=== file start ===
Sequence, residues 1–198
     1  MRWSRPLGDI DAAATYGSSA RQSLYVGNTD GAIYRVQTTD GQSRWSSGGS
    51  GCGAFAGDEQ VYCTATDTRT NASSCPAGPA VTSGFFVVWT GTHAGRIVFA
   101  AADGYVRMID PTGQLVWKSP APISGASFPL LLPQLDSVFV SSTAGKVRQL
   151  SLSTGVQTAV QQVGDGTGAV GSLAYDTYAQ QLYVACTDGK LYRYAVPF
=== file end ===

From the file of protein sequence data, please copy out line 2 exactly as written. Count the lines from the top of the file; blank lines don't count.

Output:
     1  MRWSRPLGDI DAAATYGSSA RQSLYVGNTD GAIYRVQTTD GQSRWSSGGS